APPEAL FROM THE DISTRICT COURT OF THE UNITED STATES FOR THE EASTERN DISTRICT OF NEW YORK.
Taft, Holmes, Van Devanter, Brandeis, Sutherland, Butler, Sanford
MR. CHIEF JUSTICE TAFT delivered the opinion of the Court.
William Nahmeh, employed as a fireman on the steamship Quinnipiac, was injured August 3, 1920, in the performance of his duties. One of his legs had to be amputated. To recover for this injury, he filed a libel on March 30, 1922, against the United States as owner of the Quinnipiac, under the Suits in Admiralty Act of March 9, 1920, ch. 95, 41 St. 525, in the United States District Court for the Eastern District of New York where he lived. The steamship Quinnipiac was then in the Southern District of New York. The United States appeared specially and excepted, on the ground that the libel did not show that the steamship was at the date of the filing of the libel within the Eastern District of New York, and there was no jurisdiction. December 20, 1922, the appellant made a motion before the District Court for the Eastern District for an order removing the cause to the Southern District. The District Court denied the motion to transfer the cause, and, under a decision of the Court of Appeals for the Second Circuit, in the Isonomia, 285 Fed. 516, that the only district in which such a suit
could be brought was where the vessel was, dismissed it for want of jurisdiction.
The Suits in Admiralty Act was passed to provide a suit in personam in lieu of the previous unlimited right of suitors to libel merchant vessels belonging to the United States Government in rem in the ports of the United States and in its possessions -- a right which had proved objectionable. Section 2 and Section 3 of the Act indicate the District Courts in which suits under the Act were thereafter to be brought. The relevant parts of those sections are as follows:
"Section 2. That in cases where if such vessel were privately owned or operated, or if such cargo were privately owned and possessed, a proceeding in admiralty could be maintained at the time of the commencement of the action herein provided for, a libel in personam may be brought against the United States or against such corporation, as the case may be, provided that such vessel is employed as a merchant vessel or is a tug boat operated by such corporation. Such suits shall be brought in the district court of the United States for the district in which the parties so suing, or any of them, reside or have their principal place of business in the United States, or in which the vessel or cargo charged with liability is found . . . upon application of either party the cause may, in the discretion of the court, be transferred to any other district court of the United States.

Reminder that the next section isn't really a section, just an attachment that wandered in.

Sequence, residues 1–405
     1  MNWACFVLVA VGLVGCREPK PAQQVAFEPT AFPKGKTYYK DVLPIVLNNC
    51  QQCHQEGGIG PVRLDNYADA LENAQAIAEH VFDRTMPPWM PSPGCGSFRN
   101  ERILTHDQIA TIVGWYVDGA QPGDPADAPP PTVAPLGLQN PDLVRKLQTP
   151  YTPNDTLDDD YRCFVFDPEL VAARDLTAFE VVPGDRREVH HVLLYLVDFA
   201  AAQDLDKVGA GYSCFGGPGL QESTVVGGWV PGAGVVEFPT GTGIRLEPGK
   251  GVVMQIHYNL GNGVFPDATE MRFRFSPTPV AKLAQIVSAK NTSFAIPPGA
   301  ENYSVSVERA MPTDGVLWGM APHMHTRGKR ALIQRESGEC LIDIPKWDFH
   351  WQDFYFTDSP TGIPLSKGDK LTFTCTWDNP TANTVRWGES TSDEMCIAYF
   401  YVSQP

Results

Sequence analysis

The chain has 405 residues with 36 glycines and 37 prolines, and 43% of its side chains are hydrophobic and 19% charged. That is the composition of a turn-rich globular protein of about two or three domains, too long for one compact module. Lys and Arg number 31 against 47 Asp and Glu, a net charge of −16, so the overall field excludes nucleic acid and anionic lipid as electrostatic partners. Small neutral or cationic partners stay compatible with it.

"Section 3. If the libellant so elects in his libel the suit may proceed in accordance with the principles of libels in rem whenever it shall appear that had the vessel or cargo been privately owned and possessed a libel in rem might have been maintained. Election so to proceed shall not preclude the libellant in any proper case from seeking relief in personam in the same suit."
We held in the case of Blamberg Brothers v. United States, 260 U.S. 452, that the Act did not authorize a
suit in personam against the United States as a substitute for a libel in rem, when a United States vessel was not in a port of the United States or in one of her possessions at the time of filing the libel; that Congress had no power to grant immunity from seizure in respect to such vessels when in foreign ports, and did not intend to do so. There has been a difference of opinion, however, with reference to the meaning of the provision as to jurisdiction in Section 2, relating to vessels within the jurisdiction of the United States. The Circuit Court of Appeals of the Second Circuit in the Isonomia case construed Section 2, strictly so far as it provides for jurisdiction, because it depends on the statutory consent of the United States. The court, therefore, came to the conclusion that the language fixing three places of jurisdiction under the Act, should not be held to be cumulative but should be applied distributively, and that the provision by which the suits might be brought in the district where the vessel charged with the liability was found should be held to give the only place for jurisdiction in a suit in personam against the United States which was substituted by the Act for a suit against the vessel in rem. This same view was held by the District Court in Galban Lobo & Company v. United States, 285 Fed. 665, and in Axtell v. United States, 286 Fed. 165. A different view was taken in a District Court of South Carolina in Middleton & Company v. United States, 273 Fed. 199, and in Alsberg v. United States, 285 Fed. 573, in the Southern District of New York.
The opinion in the Isonomia case was carefully prepared, but we think that the rule as to a strict construction of the language of statutes providing for suits against the United States was there carried too far. In taking away what was then the law, namely the right of claimants to sue merchant vessels of ...